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Essays on the economics of conflict

Hönig, Tillman (2021) Essays on the economics of conflict. PhD thesis, London School of Economics and Political Science.

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Identification Number: 10.21953/lse.00004290


This thesis explores the economic consequences of violent conflict in two African countries: Sierra Leone and Nigeria. The first chapter establishes that civil war in Sierra Leone has important local economic effects. Almost twenty years after the end of the war, greater conflict intensity in a chiefdom leads to a higher share of agricultural workers, fewer educated workers and lower income. In order to explicitly account for general equilibrium effects such as selective migration in response to the war, the second chapter develops an economic geography model. The model sheds light on different mechanisms through which conflict affects aggregate income: Changes in education, firm productivity and individual productivity have both direct effects on income and indirect effects by changing the allocation of labor across sectors and locations. Changes in amenities also affect the spatial allocation of labor. I leverage the structure of the model along with observed income information and migration flows to identify firm productivities, amenities and average individual productivities. The model is used to perform counterfactual simulations. Aggregate income in Sierra Leone is estimated to be 32% lower today as a result of the civil war. Importantly, despite having received little attention in conflict research so far, firm productivity losses can explain most of the decrease. Selective migration in response to the war also seems to play an important role and implies that local reduced-form effects are misleading when trying to estimate aggregate effects. The third chapter exploits a peace policy that the Nigerian government implemented in the Niger Delta region in 2009 to evaluate the effects of conflict reduction. I construct a synthetic control region from the states that are not part of the Niger Delta region and therefore unaffected by the policy as a withincountry counterfactual to the Niger Delta region. I find that peace following the policy increased household expenditures by 19% four years later. Uncovering potential mechanisms behind this economic upturn, I find an increase in selfemployment income by 67% and in education by 0.5 years of schooling. In line with the findings from Sierra Leone, these results highlight the important link between conflict and business activity.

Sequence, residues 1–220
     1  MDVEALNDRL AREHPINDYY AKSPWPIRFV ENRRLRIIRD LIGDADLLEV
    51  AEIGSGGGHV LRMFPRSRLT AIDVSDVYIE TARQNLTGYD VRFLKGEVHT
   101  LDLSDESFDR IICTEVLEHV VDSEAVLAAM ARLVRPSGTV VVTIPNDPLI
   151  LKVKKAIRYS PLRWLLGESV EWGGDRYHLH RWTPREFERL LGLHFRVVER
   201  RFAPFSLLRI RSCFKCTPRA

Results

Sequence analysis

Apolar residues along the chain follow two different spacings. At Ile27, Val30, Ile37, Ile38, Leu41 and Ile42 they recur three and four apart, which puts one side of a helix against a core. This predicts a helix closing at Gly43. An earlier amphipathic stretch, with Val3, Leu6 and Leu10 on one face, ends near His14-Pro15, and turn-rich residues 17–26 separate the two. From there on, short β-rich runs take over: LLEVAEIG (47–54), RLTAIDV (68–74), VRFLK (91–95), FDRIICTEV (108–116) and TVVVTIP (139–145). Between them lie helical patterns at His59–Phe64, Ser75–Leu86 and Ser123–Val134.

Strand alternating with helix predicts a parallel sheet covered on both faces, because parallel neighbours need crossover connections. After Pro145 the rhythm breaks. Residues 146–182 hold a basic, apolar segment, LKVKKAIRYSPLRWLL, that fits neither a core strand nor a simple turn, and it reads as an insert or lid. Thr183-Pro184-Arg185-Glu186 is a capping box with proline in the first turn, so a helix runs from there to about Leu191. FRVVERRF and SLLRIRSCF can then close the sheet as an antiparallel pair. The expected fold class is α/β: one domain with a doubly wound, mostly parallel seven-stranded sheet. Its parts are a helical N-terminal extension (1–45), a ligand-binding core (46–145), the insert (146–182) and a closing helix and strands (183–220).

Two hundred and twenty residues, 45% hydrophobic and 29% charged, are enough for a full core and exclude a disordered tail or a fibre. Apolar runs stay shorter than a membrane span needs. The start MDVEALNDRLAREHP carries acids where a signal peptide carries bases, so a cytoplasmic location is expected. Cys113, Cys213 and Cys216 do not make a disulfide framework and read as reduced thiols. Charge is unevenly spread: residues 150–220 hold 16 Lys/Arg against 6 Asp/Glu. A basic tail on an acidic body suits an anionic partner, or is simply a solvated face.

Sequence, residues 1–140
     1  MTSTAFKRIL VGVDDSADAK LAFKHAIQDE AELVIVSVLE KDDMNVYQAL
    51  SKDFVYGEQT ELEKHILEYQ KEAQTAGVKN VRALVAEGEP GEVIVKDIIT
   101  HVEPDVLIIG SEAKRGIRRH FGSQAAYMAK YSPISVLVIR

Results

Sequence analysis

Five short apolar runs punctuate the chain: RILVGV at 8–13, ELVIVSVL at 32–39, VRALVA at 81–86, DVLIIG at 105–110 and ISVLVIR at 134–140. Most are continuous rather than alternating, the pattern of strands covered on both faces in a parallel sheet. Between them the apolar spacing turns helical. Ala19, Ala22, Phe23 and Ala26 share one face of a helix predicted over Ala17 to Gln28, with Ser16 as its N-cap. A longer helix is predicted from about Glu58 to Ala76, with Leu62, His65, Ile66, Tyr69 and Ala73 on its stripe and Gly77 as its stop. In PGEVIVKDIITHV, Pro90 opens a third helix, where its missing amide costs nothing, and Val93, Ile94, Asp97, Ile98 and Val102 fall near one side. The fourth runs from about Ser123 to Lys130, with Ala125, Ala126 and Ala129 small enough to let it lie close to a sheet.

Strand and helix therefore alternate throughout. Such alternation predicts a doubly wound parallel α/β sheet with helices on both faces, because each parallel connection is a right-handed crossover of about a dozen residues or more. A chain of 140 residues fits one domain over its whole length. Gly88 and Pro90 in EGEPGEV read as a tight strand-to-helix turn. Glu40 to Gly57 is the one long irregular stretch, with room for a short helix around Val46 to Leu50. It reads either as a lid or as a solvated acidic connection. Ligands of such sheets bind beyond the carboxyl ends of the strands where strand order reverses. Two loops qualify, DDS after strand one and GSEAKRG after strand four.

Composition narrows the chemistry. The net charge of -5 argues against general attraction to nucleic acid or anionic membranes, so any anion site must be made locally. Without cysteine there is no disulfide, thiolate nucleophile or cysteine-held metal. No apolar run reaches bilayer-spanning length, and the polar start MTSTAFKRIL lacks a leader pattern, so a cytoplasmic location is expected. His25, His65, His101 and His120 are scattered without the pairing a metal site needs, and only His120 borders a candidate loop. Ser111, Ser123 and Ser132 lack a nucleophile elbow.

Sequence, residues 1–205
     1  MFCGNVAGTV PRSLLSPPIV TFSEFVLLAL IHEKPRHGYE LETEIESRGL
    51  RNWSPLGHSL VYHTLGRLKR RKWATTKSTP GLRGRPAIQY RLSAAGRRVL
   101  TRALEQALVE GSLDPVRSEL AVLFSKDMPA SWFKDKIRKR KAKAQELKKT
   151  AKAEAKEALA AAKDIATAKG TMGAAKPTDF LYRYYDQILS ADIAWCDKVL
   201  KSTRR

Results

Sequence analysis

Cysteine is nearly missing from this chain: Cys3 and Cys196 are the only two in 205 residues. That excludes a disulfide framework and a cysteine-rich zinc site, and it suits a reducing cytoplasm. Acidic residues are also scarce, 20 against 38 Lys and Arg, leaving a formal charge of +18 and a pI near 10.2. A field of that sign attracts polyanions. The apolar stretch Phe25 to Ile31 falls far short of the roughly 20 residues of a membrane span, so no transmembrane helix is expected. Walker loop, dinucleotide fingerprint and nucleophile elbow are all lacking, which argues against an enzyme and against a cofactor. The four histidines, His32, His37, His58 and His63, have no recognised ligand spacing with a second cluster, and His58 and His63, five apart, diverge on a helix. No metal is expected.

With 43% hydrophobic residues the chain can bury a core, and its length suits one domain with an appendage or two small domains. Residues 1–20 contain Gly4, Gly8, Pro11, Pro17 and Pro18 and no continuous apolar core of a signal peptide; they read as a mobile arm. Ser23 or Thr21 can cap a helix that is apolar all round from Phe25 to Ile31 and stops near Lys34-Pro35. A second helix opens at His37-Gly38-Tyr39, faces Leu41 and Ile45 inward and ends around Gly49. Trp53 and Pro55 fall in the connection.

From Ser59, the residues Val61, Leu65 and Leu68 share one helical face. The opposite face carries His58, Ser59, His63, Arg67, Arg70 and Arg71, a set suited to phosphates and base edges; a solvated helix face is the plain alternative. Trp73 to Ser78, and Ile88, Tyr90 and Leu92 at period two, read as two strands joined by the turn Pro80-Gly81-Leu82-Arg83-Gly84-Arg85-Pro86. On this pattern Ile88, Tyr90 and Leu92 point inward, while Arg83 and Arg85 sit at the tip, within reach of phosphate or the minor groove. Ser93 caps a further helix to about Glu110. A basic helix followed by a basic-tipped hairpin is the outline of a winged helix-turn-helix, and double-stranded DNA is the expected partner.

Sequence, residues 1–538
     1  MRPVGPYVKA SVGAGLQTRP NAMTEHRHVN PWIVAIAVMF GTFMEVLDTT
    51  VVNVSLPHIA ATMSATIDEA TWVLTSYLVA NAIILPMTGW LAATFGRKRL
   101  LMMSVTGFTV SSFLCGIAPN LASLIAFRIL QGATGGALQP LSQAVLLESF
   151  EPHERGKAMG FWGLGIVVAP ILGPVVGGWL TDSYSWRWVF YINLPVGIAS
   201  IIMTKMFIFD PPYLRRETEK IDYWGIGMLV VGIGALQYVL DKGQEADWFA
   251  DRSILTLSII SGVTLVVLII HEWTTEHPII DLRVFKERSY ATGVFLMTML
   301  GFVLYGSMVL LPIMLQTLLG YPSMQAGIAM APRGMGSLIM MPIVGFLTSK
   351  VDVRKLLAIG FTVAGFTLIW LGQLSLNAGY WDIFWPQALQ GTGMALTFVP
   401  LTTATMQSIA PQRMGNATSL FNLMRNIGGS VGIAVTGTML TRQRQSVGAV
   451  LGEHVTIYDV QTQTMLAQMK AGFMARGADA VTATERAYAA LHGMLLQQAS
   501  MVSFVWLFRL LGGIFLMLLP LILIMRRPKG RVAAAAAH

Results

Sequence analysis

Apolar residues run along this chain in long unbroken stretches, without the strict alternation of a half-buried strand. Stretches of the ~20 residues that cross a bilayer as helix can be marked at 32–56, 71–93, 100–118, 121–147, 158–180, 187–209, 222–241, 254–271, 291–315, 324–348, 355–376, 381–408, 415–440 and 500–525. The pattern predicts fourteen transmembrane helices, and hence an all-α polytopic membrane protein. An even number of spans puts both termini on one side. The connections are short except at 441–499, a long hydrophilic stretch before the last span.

Item Type: Thesis (PhD)
Additional Information: © 2021 Tillman Hönig
Library of Congress subject classification: H Social Sciences > HB Economic Theory
J Political Science > JA Political science (General)
Sets: Departments > Economics
Supervisor: Besley, Timothy

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